Remember that the lines should bind with each other and the application should be quite liberal. If a design consists merely out of lines with no colouring in, make sure that you have horisontal as well as vertical lines crossing each other. This will ensure that the design does not fold or tear when it is dry.
Technique 2 - Colouring In
You can start colouring in before the liner is dry. Follow the curves of the design and make sure that the lines and the different colours bind with each other. Apply liberally, otherwise the design will tear when peeled off. Work from the liner towards the inside. Don't try to smooth too much - this might cause bubbles to form.
(See project - Fish Key ring - for an example of this technique)
Technique 3 - Sponging
This very easy technique is used to achieve an interesting background effect. Preferably choose a hard plastic or glass background and a high-density sponge, (this forms the finest texture). Apply some Paint Appeal onto the sponge and press onto the surface.
Once the sponge effect is dry, more Paint Appeal can be applied on top. You can, for instance, use this as a background for the fish in Project 1. Line a fish onto the sponge effect and, when dry, pull both layers off simultaneously. Cut the excess sponge effect off with scissors.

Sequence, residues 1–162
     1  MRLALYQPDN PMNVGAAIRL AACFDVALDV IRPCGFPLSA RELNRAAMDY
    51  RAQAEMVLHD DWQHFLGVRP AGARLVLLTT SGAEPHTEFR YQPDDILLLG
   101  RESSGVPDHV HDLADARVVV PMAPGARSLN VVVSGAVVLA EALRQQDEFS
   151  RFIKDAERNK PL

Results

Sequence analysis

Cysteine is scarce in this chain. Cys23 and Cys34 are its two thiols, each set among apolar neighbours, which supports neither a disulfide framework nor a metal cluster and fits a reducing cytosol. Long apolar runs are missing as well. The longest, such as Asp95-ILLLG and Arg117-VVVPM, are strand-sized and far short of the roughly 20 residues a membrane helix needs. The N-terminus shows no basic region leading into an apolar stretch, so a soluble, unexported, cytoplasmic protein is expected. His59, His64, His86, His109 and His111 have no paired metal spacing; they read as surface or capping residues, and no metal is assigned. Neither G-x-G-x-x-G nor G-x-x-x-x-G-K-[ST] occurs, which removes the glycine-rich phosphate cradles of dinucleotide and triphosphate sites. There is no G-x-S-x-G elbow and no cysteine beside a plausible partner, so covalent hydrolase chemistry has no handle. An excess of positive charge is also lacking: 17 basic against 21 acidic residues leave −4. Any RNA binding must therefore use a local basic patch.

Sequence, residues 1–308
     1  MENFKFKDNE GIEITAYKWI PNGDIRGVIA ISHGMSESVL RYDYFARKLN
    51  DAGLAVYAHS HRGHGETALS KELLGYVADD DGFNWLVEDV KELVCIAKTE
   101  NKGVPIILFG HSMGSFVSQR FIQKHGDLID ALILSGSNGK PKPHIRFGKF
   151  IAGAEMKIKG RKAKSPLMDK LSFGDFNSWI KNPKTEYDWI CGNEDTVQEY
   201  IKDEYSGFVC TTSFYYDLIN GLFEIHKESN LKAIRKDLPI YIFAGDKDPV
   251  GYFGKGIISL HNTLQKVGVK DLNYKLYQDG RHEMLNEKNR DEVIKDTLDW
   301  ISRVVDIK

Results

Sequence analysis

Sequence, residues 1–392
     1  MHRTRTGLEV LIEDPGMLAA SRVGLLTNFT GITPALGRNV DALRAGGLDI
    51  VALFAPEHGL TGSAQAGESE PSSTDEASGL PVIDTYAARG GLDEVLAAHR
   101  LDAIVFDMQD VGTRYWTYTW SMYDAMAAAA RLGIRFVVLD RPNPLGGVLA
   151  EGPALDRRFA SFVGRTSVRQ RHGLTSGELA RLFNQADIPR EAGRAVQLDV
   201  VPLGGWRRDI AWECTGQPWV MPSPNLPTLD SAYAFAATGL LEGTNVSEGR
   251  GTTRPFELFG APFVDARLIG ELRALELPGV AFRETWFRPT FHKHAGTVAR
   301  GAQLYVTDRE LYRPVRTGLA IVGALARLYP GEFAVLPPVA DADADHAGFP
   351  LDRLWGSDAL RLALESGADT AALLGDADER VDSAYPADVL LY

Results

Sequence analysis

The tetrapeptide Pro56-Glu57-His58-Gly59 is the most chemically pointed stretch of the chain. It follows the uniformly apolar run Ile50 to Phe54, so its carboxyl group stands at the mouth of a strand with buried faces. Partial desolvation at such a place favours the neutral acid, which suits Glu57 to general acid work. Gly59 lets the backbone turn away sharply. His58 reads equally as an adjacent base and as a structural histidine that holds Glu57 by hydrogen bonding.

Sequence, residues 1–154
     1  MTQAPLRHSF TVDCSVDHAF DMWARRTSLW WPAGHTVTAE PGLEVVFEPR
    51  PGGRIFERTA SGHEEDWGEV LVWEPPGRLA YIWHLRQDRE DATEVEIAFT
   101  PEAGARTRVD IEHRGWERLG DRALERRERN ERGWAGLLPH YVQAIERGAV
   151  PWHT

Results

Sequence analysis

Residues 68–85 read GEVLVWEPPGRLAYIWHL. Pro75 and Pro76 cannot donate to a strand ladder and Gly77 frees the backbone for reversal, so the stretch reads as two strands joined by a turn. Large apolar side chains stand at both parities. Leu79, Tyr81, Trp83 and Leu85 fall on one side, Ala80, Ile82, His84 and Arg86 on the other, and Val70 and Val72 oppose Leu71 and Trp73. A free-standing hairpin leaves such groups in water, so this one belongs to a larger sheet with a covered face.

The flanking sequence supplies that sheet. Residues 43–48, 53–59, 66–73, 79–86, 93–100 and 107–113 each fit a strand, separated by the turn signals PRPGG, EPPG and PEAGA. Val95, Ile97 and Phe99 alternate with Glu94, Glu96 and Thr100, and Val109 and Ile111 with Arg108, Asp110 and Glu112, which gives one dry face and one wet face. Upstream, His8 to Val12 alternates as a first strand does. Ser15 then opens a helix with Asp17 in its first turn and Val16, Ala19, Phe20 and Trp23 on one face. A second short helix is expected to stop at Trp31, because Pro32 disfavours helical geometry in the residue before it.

See also project Photograph frame in a CD case where this technique has been used as a finishing touch.
Technique 4 - Mono Print
A very interesting effect can be achieved by painting one colour Paint Appeal onto a surface, quite roughly, and while still wet, pressing a transparency onto it.
See Project: Photograph frame in a CD case
Technique 5 - Brush Strokes
A further background effect can be achieved by dragging a soft, flat brush through the wet Paint Appeal. With this technique you have more control over the effect than in technique 4 - and can even write your name with the brush.
See Project: Photograph frame in a CD case
Technique 6 - Wiring
Wired Paint Appeal can be twisted and shaped to form a 3-dimensional object which can be re-shaped. This works very well when smaller components of the final project is individually wired before the whole is put together.
See Project: Paint Appeal Flowers
Technique 7 - Spirals
Spirals can be used as mobiles or on their own as window decals. This is very easy to make.
The robustness of the spiral depends on the thickness of the transparency used.
The spiral is cut out with the Paint Appeal still on the transparency, otherwise it hangs too limply.
This is very easy to make. Paint a circle, working from the outside inwards, on a thick transparency. Colour the circle in completely. When dry, cut the spiral out, on the Paint Appeal as well transparency. Thread jewellery wire or fish gut with a needle through the centre of the spiral and display with fish, or by itself, as a mobile.
Technique 8 - Grass / Thin Line Effect
This last technique is great for giving new dimension to multi-media projects or other collages. Paint a stroke of Paint Appeal - any colour of your choice - onto a transparency. Use a soft, flat brush and allow to dry well. Peel the Paint Appeal off and cut into thin strips for a grass effect.
See Project Sea collage.